What RV antifreeze is good for long term use?

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Len and Jo

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Never really thought about this in the past and just bought "the pink stuff" at the best price I could find. Got in a discussion on the stuff and it got my gray cells moving. This is the only article I have found on the subject. There appears to be significant pricing differences ($3 - $7 per gallon) depending on the ingredient mix (ethanol, proplyene glycol, glycerol), . Since we take several winter camping trips each year we consume many gallons of this stuff in a year. Insight from long term RVers would be nice. What kind of RV antifreeze should you use?
 
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The pink stuff is all I've ever used. It does leave a bad taste so I'm considering filling my system with something that has a better taste and is drinkable. The freezing point of 80 proof vodka is -16 degrees and flushing the system can be done the next spring one glass at a time.
 
Never really thought about this in the past and just bought "the pink stuff" at the best price I could find. Got in a discussion on the stuff and it got my gray cells moving. This is the only article I have found on the subject. There appears to be significant pricing differences ($3 - $7 per gallon) depending on the ingredient mix (ethanol, proplyene glycol, glycerol), . Since we take several winter camping trips each year we consume many gallons of this stuff in a year. Insight from long term RVers would be nice. What kind of RV antifreeze should you use?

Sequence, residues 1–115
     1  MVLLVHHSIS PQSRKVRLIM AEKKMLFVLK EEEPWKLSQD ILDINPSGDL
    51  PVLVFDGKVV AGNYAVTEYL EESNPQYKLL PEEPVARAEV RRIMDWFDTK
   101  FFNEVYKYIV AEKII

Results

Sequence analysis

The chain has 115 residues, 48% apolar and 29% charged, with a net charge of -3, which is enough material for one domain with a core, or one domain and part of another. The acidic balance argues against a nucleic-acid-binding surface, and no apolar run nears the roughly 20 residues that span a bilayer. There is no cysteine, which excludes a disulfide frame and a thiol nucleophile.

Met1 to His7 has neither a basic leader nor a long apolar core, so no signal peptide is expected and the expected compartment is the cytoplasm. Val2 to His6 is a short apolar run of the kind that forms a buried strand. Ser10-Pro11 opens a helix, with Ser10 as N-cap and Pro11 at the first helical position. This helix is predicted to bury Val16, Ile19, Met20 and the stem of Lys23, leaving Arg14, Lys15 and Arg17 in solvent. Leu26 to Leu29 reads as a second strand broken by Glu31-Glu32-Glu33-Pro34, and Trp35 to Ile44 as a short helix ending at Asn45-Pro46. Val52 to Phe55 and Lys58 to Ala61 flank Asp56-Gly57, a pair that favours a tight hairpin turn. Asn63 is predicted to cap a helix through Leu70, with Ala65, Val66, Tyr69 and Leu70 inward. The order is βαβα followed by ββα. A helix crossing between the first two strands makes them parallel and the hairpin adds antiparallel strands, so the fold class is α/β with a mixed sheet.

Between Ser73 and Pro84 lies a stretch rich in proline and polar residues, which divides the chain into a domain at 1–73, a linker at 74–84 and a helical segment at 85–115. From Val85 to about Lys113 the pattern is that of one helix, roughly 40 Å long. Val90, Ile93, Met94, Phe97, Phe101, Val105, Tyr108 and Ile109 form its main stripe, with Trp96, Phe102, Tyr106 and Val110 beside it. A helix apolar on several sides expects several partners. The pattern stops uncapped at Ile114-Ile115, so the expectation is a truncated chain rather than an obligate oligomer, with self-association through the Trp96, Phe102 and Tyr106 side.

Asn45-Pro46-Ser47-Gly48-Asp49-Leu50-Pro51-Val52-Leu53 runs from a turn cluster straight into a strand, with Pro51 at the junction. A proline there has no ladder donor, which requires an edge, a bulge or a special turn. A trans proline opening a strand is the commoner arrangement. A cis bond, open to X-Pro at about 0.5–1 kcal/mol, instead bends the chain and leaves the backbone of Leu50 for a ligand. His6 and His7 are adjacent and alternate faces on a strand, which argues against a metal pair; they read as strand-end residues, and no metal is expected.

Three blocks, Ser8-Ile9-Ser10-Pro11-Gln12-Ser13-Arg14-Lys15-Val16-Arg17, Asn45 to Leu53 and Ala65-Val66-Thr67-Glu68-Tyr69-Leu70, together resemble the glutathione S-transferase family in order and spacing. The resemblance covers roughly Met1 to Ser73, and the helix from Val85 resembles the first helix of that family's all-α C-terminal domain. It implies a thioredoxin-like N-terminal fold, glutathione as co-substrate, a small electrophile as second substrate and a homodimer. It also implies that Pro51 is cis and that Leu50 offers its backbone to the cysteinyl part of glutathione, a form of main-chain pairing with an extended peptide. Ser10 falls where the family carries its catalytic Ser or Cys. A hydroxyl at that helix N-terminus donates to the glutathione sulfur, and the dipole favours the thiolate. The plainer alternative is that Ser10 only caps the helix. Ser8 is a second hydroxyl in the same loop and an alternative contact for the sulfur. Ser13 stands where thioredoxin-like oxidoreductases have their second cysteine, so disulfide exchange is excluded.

At $3 a gallon and using only about 3 gallons each time, the expense is minuscule.
 
At $3 a gallon and using only about 3 gallons each time, the expense is minuscule.
That would be a nice price. Here Walmart has it (last year) at $2.95/gal for a very short time, then jumps to $5 and, sometimes, up to $8/gal. Lowe's seems to have it in the $5 range. And some rigs take a lot more than 3 gallons. The Beaver I used to have needed 5 gal. for just the hot water side (no water heater, it had Aqua Hot). For the Ventana it's 4 gal for the hot water side (Oasis instead of water heater).
Thankfully blowing out the cold side with air sufficed for that side on both rigs.

So it's not the same for every rig or location.
 
I would expect that a purely ethanol antifreeze would be tasteless and not require any flushing in the spring, but I'm pretty sure the ethyl alcohol would have to be "de-natured" to make it undrinkable, thus avoiding the hefty taxes on potable ethyl alcohol. The "de-naturing" ingredient is probably going to make it unpalatable. The RV antifreezes I see that are labeled "ethanol" seem to include propylene glycol as well.

Note that glycol is an alcohol too, just in a different form. Propylene glycol is non-toxic to humans, but ethylene glycol is poisonous in even small amounts.

Concentrated ethanol can be damaging to some plastics, e.g. acetate, but shouldn't bother most materials, especially in the <20% concentration typical of RV potable water antifreezes.

I think the best choice is simply the lowest cost blend of potable water antifreeze that gets the job done.
 
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That would be a nice price. Here Walmart has it (last year) at $2.95/gal for a very short time, then jumps to $5 and, sometimes, up to $8/gal. Lowe's seems to have it in the $5 range. And some rigs take a lot more than 3 gallons. The Beaver I used to have needed 5 gal. for just the hot water side (no water heater, it had Aqua Hot). For the Ventana it's 4 gal for the hot water side (Oasis instead of water heater).